And finally, we come out of the deluge.
It may be Monday, but at long last it's (mostly) sunny, making it feel possible that life can go on after the past week of near-constant gloom. Today's goal: get out and see some art.
Daylight is always better for me when navigating the labyrinthine byways of the University of Richmond, so I started at the Lora Robbins Gallery for "Robert Hodierne: Vietnam War Photographs," pulled from the photographer's extensive collection shot during two trips there, one as a 21-year old freelance photographer and the other serving in the military immediately afterwards.
The gallery is small, but the images feel big because the subject matter carries not just the weight of seeing bloodied men doing battle but because history has shown in the interim since these pictures were taken that it was all for naught, a colossal waste of lives and taxpayer dollars.
Most of the photographs are black and white, so the few shown in color are jarring for how bright red the blood stains appear,
One color series was taken on Hill 881, the bloodiest battle up until that point, claiming the lives and wounding over 700 men.
In one arresting image, a young black soldier stands shirtless, a bloody bandage on his left shoulder, his helmet battered and cocked at a crooked angle on his head, staring out of one eye off to the side. He looks physically and morally exhausted.
Another from that series is one of a soldier holding a cloth to the neck of another soldier, who lies with his face bandaged and bloody. It's tough to imagine he made it.
One of the most heartbreaking, "The Ambush," shows a squad leader pinned down in the open field, looking back at one of his men laying dead, while several wounded men lie just ahead of him. The anguish in his face is plain to see.
In "Comfort," we see two hands, those of a soldier and a dying man, clasped together, with the seated figure's cross hanging from his neck.
As I was going through the exhibit for a second time, a young black woman came in the gallery, blue disposable gloves on her hands, holding a bag. She looks around as if she's searching for something before noticing the photographs.
"Oh," she says very low and looks at me. "Who are they? Where?"
When I explain the photos were shot in the 1960s in Vietnam, her eyes get big. "Ah, so long ago," she says in her lilting accent. She looks to be in her 20s, so there's no way of knowing if she's even aware of the Vietnam miasma.
I ask where she's from and she responds, "Sou Suda," meaning South Sudan, explaining that it's a new country near Kenya. She's been in this country nine years and when I ask how she likes it, she looks down but says, "It's good," without truly sounding like she means it.
We go back to looking at the pictures together and I mention how painful it is to see how very young the men who fought this senseless conflict were. "Same thing in my country," she shares. "So young."
After taking one last look around, she leaves the gallery as quietly as she came in. Without even meaning to, she has tied these 50-year old images to the present and fragile countries like hers.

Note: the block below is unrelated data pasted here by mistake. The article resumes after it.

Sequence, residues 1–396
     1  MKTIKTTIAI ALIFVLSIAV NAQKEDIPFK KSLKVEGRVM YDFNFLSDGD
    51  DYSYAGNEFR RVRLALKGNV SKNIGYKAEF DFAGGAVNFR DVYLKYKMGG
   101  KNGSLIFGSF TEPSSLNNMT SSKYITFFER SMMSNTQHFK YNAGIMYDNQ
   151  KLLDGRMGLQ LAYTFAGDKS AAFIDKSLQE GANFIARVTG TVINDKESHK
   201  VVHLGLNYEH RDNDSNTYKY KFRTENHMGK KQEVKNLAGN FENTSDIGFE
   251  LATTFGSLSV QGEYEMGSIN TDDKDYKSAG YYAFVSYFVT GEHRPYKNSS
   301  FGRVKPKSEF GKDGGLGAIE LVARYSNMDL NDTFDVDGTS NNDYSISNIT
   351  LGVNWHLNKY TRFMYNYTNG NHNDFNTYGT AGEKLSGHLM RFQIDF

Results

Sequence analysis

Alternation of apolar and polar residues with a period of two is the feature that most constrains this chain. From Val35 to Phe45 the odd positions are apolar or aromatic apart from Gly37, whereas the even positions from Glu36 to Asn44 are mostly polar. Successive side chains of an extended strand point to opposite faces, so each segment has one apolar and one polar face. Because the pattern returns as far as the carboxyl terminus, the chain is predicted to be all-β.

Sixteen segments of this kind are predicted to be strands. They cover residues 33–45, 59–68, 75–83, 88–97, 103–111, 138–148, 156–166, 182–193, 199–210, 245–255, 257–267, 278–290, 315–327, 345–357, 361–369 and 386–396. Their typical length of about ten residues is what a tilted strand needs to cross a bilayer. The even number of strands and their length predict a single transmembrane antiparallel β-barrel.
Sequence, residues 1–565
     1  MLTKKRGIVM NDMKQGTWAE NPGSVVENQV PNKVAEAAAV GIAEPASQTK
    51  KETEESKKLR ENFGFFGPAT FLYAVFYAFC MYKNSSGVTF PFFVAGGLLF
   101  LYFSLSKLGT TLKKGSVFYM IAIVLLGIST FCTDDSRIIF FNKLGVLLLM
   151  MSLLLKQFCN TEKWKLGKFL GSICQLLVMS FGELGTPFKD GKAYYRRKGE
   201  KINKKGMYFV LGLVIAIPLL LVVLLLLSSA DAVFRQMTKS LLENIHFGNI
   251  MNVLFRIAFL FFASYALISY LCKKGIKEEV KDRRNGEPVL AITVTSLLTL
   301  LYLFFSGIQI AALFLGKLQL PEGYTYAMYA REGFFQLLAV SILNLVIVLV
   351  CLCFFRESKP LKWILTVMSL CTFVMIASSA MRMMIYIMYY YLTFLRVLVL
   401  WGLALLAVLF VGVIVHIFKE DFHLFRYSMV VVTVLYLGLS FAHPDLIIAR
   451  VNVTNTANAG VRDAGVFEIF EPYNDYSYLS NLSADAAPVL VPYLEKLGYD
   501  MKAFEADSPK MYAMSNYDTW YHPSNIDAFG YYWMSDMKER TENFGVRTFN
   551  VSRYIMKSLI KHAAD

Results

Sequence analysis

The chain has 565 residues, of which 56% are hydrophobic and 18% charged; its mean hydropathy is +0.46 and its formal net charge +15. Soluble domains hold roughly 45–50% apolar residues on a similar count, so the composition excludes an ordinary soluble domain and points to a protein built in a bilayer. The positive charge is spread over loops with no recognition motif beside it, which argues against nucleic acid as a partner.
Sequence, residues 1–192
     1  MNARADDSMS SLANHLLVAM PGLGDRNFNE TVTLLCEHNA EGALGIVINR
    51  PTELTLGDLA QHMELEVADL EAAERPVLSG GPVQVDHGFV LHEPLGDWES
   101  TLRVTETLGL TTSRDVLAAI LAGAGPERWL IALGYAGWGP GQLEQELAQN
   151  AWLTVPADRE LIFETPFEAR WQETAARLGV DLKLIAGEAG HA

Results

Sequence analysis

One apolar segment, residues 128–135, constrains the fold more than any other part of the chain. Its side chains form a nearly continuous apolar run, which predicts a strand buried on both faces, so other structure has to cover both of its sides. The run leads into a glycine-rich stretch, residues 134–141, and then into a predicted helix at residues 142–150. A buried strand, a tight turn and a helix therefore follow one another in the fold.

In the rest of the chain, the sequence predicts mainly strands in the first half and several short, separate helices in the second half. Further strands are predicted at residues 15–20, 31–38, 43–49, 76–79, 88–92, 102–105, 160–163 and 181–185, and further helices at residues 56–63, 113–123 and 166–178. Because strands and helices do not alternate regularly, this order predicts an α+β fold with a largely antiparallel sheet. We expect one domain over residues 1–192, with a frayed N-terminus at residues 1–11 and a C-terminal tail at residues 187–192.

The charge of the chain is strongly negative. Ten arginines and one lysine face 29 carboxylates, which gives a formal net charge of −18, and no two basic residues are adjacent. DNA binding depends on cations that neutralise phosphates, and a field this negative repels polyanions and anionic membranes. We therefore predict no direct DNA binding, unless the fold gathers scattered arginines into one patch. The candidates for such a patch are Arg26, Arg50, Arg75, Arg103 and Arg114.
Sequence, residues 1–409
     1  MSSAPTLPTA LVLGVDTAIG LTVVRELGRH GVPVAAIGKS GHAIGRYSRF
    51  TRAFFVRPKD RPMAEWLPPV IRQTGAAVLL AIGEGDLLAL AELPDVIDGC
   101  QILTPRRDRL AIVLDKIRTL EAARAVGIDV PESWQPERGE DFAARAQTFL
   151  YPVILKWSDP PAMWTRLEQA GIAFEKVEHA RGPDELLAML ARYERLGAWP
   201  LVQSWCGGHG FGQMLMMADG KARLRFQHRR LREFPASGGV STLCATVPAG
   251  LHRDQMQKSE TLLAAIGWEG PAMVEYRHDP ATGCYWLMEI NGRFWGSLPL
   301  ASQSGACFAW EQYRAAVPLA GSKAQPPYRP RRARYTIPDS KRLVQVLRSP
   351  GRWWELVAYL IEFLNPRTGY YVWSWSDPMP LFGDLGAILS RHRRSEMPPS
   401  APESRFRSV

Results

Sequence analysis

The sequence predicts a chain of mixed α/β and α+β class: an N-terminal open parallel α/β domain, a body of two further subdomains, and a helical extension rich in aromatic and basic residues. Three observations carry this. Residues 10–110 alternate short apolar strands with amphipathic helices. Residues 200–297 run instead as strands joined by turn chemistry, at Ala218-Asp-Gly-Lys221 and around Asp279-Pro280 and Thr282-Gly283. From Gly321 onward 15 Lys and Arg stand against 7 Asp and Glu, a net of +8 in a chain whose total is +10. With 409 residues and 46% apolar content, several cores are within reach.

Leaving UR, the sun still trying to peek through, I decide to find something lighter for my next art adventure, stopping at the VMFA to see an important American work recently acquired. When I go to the desk to ask about its location, the face of the woman behind the counter lights up.
"It's just beautiful and enormous!" she enthuses, turning to the staffer sitting next to her to ask if he's yet seen it (he hasn't). Once upstairs in the American galleries, I ask a guard about the West and she gets just as excited, choosing to lead me there rather than simply provide directions and sharing as we go that West was born in Pennsylvania.
Along the way, she asks another guard if he's seen it and when he replies in the negative, invites him along. We've become a viewing party at this point.
"Portrait of Prince William and his Sister, Princess Sophia" is indeed large and beautiful, the latter no doubt due to the talent of West, who was known as the father of American painting. This is despite the fact that he visited England when he was 25 and never came back (probably why the museum signs label him as British-American) after securing patronage from the king.
He's depicted the two young children as having alabaster skin and, unlike so many American painters, the heads of children, not adults' heads on small bodies. Symbolism abounds in the robes, crown, purse and lion that fill out the rest of the canvas.
And while the purported goal of the painting is a reminder that a king protects his subjects (they are his niece and nephew) and they, in turn, owe obedience to the king, it was also hung in the court as a reminder to those upstart colonists that they owed their allegiance to him, too.
As if. You can lead a colonist to an allegory, but you can't make 'em give up on the notion of independence.
You can also go to see a collection of compelling photographs from a dark period in our country's past and come away moved by what someone born on the other side of the world has lived through.